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Border lines

Sitting in a television studio the other week, I was asked to comment on the latest cross-border acquisition by a continental company of a British concern. In this case, the acquirer was Spanish – again.

Fomento de Construcciones & Contratas (FCC), Spain’s third-biggest construction group, had agreed to buy Waste Recycling Group (WRG), a waste management business. It had been bought in 2003 by Terra Firma Capital Partners, the private equity business set up by financier Guy Hands when he left Japanese investment bank Nomura. Indeed, it was the first deal he completed so looking at how it had panned out for Mr Hands and his fellow investors was bound to be interesting.

This was an example of private equity reshaping a business before selling it on. The waste management business of Shanks was grafted on to WRG and a renewable energy operation separated out. Overall, the total cost of these acquisitions looks to be in the region of 700m. The Spanish agreed to pay 1.4billion for the waste management businesses and Terra Firma still owns the renewable energy operation, which is expected to be floated on the stockmarket for around 700m. Not a bad return for a three-year investment in my book.

Of course, not all private equity deals will deliver such spectacular returns but it does go to show why investments of this nature are so popular at present. Little wonder that KKR chose this year to list a fund on the Euronext exchange in Amsterdam. KKR Private Equity Investors raised around $5bn as a consequence of the flotation, bringing the total of funds they have raised to some $30bn.

Private equity does not always get a good press. The use of complex financial structures and the loading of the businesses acquired with significant debt have earned criticism in the past. Moreover, the moral dimension – the fact that those engaged in this activity seek only to make, hopefully swift, returns for themselves and their investors rather than build businesses and create employment and wider wealth can be hard to digest. Yet the reality is that these firms can fulfil a useful purpose, taking out weaker businesses or marrying complementary operations.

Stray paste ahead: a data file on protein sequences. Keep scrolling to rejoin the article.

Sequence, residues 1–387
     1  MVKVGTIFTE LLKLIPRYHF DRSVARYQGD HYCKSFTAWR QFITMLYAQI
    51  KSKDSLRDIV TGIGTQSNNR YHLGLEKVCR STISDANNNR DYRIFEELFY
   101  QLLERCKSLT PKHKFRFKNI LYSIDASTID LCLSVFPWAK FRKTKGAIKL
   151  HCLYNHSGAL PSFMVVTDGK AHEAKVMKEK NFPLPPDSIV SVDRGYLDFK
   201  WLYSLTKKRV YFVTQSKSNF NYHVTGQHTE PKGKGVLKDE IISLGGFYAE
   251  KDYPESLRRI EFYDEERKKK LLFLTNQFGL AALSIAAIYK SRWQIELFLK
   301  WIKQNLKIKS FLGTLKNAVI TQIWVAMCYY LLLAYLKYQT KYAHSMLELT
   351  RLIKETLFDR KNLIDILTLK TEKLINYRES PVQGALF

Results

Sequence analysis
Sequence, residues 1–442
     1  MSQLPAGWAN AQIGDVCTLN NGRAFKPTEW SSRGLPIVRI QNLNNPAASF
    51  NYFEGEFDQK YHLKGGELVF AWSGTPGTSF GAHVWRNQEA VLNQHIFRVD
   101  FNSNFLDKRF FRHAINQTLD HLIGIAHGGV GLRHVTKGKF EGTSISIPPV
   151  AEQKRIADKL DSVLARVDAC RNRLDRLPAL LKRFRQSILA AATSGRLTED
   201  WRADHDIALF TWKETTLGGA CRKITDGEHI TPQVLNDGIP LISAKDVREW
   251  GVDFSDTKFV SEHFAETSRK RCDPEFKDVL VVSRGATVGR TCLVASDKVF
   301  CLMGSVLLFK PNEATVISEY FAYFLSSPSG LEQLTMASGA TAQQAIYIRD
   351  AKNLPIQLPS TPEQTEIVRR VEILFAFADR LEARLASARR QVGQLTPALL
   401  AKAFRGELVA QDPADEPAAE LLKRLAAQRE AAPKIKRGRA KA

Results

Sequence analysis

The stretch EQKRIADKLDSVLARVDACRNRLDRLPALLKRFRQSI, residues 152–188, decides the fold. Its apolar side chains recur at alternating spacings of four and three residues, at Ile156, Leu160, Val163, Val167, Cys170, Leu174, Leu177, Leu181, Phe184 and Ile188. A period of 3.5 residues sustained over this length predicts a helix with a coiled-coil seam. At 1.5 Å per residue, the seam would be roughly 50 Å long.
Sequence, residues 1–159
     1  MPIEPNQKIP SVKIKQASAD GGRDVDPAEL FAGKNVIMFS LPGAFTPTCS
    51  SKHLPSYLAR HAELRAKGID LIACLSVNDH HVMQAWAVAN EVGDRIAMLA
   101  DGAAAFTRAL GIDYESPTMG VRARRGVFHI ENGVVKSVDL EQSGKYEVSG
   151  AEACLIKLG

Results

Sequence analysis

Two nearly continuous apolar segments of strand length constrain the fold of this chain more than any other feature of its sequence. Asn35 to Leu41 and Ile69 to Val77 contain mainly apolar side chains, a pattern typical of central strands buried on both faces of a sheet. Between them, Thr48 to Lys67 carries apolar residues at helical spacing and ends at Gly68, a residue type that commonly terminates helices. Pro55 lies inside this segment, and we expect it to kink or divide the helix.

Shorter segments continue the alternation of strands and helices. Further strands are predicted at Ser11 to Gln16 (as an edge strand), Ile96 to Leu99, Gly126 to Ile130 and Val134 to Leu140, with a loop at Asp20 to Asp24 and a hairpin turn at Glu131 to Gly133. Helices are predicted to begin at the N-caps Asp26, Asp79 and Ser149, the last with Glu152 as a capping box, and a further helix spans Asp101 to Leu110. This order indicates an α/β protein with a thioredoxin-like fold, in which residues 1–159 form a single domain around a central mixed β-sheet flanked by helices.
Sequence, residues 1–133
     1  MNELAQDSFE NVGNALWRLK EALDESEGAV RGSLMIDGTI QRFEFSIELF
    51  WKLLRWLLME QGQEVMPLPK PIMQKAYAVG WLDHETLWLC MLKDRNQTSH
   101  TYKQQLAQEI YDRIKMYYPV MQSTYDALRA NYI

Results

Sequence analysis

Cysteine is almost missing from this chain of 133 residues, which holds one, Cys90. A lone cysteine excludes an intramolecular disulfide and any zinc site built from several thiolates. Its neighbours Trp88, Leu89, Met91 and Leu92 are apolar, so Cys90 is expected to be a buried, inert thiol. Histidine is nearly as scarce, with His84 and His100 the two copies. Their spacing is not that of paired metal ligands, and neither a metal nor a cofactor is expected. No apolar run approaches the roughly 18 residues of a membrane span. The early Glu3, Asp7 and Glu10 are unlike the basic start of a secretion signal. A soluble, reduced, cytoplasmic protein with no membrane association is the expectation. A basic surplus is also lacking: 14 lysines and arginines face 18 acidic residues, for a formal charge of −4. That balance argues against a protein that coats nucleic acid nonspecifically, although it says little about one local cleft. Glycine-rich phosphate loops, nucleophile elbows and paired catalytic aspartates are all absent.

The availability of private equity investment vehicles has been growing for some little while. Interestingly, figures published recently by the Association of Investment Trusts disclosed that the best-performing trusts over the past 10 years had indeed been those engaged in private equity. Little wonder, if returns of the magnitude of that achieved by Mr Hands are anything to go by.

Some of the private equity funds are well known to the sophisticated investor. 3i is perhaps the most famous in this country but there are plenty of familiar names among the 30 or so funds listed in the Cazenove Private Equity Bulletin. How suitable they are for the average private investor is hard to assess. The appetite for them is significant, however, and this despite the fact that the underlying portfolios are notoriously difficult to value – for obvious reasons.

But the attraction that funds such as these have for investors is symptomatic of the way in which riskier assets have increasingly been in demand. Remarkably, despite evidence that the shake-out in markets that took place in May and June is leading to a more risk-averse approach by investors, pivate equity seems, if anything, even more in demand. But then, with corporate activity still continuing at a high level and deals such as the FCC acquisition of WRG demonstrating just how much money can be made, little wonder that people will pursue that elusive pot of gold.

Brian Tora is investment communications director at Gerrard Investment Management

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